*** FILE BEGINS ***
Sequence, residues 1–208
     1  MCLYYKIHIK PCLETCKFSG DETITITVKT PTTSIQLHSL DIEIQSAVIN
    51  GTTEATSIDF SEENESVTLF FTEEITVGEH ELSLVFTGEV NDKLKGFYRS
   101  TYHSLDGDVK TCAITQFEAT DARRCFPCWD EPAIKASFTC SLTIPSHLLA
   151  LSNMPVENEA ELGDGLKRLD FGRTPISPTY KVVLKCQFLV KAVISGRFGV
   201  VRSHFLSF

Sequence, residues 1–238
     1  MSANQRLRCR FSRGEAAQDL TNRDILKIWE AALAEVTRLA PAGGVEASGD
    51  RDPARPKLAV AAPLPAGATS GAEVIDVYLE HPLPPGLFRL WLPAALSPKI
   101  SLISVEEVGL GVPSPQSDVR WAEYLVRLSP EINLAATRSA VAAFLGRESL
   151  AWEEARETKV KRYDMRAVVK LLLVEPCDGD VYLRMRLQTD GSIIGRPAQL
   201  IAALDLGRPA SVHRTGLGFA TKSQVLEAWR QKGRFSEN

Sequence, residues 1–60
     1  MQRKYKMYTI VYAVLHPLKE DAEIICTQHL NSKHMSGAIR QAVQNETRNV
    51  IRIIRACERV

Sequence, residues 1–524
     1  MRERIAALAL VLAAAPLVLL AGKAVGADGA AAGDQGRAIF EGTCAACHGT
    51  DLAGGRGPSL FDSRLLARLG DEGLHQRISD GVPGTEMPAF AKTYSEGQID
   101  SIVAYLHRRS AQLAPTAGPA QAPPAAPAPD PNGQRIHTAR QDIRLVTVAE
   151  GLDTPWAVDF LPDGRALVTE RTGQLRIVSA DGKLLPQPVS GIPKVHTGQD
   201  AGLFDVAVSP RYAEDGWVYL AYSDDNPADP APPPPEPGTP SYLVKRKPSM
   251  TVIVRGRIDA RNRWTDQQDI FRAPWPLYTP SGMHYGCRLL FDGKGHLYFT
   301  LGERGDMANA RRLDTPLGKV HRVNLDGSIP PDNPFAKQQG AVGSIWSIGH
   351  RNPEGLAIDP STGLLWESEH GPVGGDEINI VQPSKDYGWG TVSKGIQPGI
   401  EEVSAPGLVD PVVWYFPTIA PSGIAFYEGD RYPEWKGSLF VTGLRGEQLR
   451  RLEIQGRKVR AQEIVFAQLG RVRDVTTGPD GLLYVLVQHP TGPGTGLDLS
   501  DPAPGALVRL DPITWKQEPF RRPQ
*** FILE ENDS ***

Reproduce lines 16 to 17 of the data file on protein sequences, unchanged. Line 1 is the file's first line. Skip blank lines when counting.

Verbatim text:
Sequence, residues 1–524
     1  MRERIAALAL VLAAAPLVLL AGKAVGADGA AAGDQGRAIF EGTCAACHGT